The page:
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PM Prayut urges all parties concerned to help solve prostitution problem

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If the prostitution In Thailand is to be diminished. that will never happen. So many new laws that come out for this country are stated .after a week or two the are all forgotten. How else would these uneducated   ladys be able to provide for their  families. for them its very good money that could not be matched by working in a restaurant or hotel /resort ect.   

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3 hours ago, AsianAtHeart said:

So called?  What would you call morals?  Is there such a thing? 

 

To forget one's morals is to contribute to the decadence of society.  More importantly, it is to be willfully ignorant of one's eternal interests--to sacrifice one's hope of eternal existence for a few very short moments of pleasure.  I say it's not worth it.  The eternal prize is worth risking everything for, and giving up everything in the effort, as an olympian does in seeking the gold medal.

 

And that statement right there alludes to the solution.  I think, as unpopular as their efforts have been portrayed, the attempts by the Shinawatras to strengthen the economy among the poorer classes were as much effective toward alleviating the core basis for prostitution as any.  Very few women desire such an ignominious and disagreeable "job."  Providing them better means of supporting themselves and their families would be the most efficient method of elevating the country out of its shame.

Oh dear, another apparent newbie ( low post count ) with no clue about the scene. How many hairdressers can make a living in LOS, or would you prefer they work in a sweat shop?

 

To eliminate prostitution they would have to start with the enormous Thai only scene, and doing that would cause problems even a puritan wouldn't want.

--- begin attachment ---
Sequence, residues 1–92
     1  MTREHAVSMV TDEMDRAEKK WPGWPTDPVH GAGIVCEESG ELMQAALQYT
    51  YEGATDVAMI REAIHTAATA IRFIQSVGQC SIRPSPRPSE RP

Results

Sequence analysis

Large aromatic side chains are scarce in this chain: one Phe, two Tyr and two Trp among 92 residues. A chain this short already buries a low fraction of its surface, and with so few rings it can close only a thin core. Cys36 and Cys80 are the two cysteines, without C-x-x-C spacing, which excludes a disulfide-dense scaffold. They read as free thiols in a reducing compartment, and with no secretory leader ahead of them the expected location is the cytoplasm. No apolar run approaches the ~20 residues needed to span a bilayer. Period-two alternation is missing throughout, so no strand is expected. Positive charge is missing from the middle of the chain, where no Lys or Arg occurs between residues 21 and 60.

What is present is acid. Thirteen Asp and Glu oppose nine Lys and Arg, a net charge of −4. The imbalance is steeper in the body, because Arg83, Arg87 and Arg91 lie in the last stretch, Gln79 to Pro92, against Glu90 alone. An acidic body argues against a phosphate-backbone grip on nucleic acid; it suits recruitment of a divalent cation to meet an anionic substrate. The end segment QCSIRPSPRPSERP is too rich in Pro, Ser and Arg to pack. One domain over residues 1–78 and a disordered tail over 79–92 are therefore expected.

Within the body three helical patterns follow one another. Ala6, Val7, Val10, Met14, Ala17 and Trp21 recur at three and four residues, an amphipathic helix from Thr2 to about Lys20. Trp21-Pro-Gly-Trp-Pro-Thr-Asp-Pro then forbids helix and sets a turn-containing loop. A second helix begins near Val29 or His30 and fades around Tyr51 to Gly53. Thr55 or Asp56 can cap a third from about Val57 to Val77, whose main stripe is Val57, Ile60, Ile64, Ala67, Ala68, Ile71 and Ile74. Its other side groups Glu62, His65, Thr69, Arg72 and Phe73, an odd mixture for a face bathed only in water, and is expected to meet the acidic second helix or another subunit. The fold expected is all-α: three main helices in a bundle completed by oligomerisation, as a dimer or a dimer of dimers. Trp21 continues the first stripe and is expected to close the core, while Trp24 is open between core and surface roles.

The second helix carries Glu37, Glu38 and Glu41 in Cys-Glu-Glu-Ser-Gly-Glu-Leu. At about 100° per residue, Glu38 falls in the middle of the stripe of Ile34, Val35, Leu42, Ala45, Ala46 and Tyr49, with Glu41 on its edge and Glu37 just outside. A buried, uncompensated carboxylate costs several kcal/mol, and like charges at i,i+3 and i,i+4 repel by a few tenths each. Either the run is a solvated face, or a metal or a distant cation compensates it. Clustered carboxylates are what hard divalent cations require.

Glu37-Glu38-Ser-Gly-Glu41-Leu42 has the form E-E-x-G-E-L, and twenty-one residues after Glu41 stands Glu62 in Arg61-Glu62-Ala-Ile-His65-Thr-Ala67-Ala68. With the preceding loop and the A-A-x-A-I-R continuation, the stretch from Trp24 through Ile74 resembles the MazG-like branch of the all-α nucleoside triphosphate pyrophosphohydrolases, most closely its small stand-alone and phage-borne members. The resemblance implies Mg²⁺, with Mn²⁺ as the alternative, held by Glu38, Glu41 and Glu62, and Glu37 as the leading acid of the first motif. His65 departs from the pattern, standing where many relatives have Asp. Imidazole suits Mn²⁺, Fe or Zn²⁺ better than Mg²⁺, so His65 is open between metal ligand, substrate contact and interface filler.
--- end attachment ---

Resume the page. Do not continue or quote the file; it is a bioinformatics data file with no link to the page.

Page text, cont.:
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"Earlier, Gambian tourism minister Hamal Bah was quoted to have said that if western tourists wanted to go to Gambia for sex, they should better go to Thailand which is the sex destination."

 

He should have realised this was an attempted wind up when he saw the tourist minister's name. All he's succeeded in doing is drawing attention back to a problem that hasn't been in the headlines too much recently.

 

Ironically, Gambia has been in the headlines recently for accepting one of Thailand's famously rejected sex tourists - the big legged German beggar who'd been banned from here and a dozen other countries before they welcomed him to their bosom. So it's probably all sour grapes.

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3 minutes ago, inThailand said:

PM Prayut urges all parties concerned to help solve prostitution problem

 

Most success in solving

problems comes from addressing the biggest issue...get more bang for the buck. And that's fitting here.

 

Close down the shops serving Thais. 98% of the problem solved.

If they closed down all the shops serving Thais, there would be no bars left in the country.

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11 minutes ago, WinnieTheKhwai said:

It's a really popular topic, this.  :)

Of course. Most of us, if we are honest, are here because of it.

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39 minutes ago, lkv said:

Financing relationship agreements you mean, sugar coated as "love you long time", that terminate when the money runs out.

So what?

Farangs come to Thailand once a year, pick a young Thai lady, promise her a rose garden, and then expect the young lady to stay away from sex with others and wait - maybe forever.

Did you do that when you were young?